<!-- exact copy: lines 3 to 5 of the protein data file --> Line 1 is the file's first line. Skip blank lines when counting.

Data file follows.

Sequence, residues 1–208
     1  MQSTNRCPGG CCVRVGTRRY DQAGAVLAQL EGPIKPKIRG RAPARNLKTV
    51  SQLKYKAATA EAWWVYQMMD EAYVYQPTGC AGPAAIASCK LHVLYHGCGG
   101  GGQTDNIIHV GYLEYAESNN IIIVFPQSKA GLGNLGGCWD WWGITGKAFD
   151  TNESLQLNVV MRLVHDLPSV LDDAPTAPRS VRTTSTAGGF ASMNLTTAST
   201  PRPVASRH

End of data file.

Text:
    51  SQLKYKAATA EAWWVYQMMD EAYVYQPTGC AGPAAIASCK LHVLYHGCGG
   101  GGQTDNIIHV GYLEYAESNN IIIVFPQSKA GLGNLGGCWD WWGITGKAFD
   151  TNESLQLNVV MRLVHDLPSV LDDAPTAPRS VRTTSTAGGF ASMNLTTAST